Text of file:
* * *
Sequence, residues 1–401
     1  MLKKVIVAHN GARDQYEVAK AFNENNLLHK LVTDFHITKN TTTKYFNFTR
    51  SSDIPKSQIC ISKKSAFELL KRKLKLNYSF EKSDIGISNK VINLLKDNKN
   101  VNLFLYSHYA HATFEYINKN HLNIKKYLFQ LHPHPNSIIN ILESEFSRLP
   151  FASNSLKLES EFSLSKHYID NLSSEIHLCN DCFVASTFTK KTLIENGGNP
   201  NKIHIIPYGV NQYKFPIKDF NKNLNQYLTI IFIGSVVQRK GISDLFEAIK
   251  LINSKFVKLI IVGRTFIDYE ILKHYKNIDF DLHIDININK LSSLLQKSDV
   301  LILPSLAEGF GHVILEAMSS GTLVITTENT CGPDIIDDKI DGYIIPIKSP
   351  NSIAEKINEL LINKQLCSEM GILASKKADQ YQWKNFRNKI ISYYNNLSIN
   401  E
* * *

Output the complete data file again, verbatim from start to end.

Sequence, residues 1–401
     1  MLKKVIVAHN GARDQYEVAK AFNENNLLHK LVTDFHITKN TTTKYFNFTR
    51  SSDIPKSQIC ISKKSAFELL KRKLKLNYSF EKSDIGISNK VINLLKDNKN
   101  VNLFLYSHYA HATFEYINKN HLNIKKYLFQ LHPHPNSIIN ILESEFSRLP
   151  FASNSLKLES EFSLSKHYID NLSSEIHLCN DCFVASTFTK KTLIENGGNP
   201  NKIHIIPYGV NQYKFPIKDF NKNLNQYLTI IFIGSVVQRK GISDLFEAIK
   251  LINSKFVKLI IVGRTFIDYE ILKHYKNIDF DLHIDININK LSSLLQKSDV
   301  LILPSLAEGF GHVILEAMSS GTLVITTENT CGPDIIDDKI DGYIIPIKSP
   351  NSIAEKINEL LINKQLCSEM GILASKKADQ YQWKNFRNKI ISYYNNLSIN
   401  E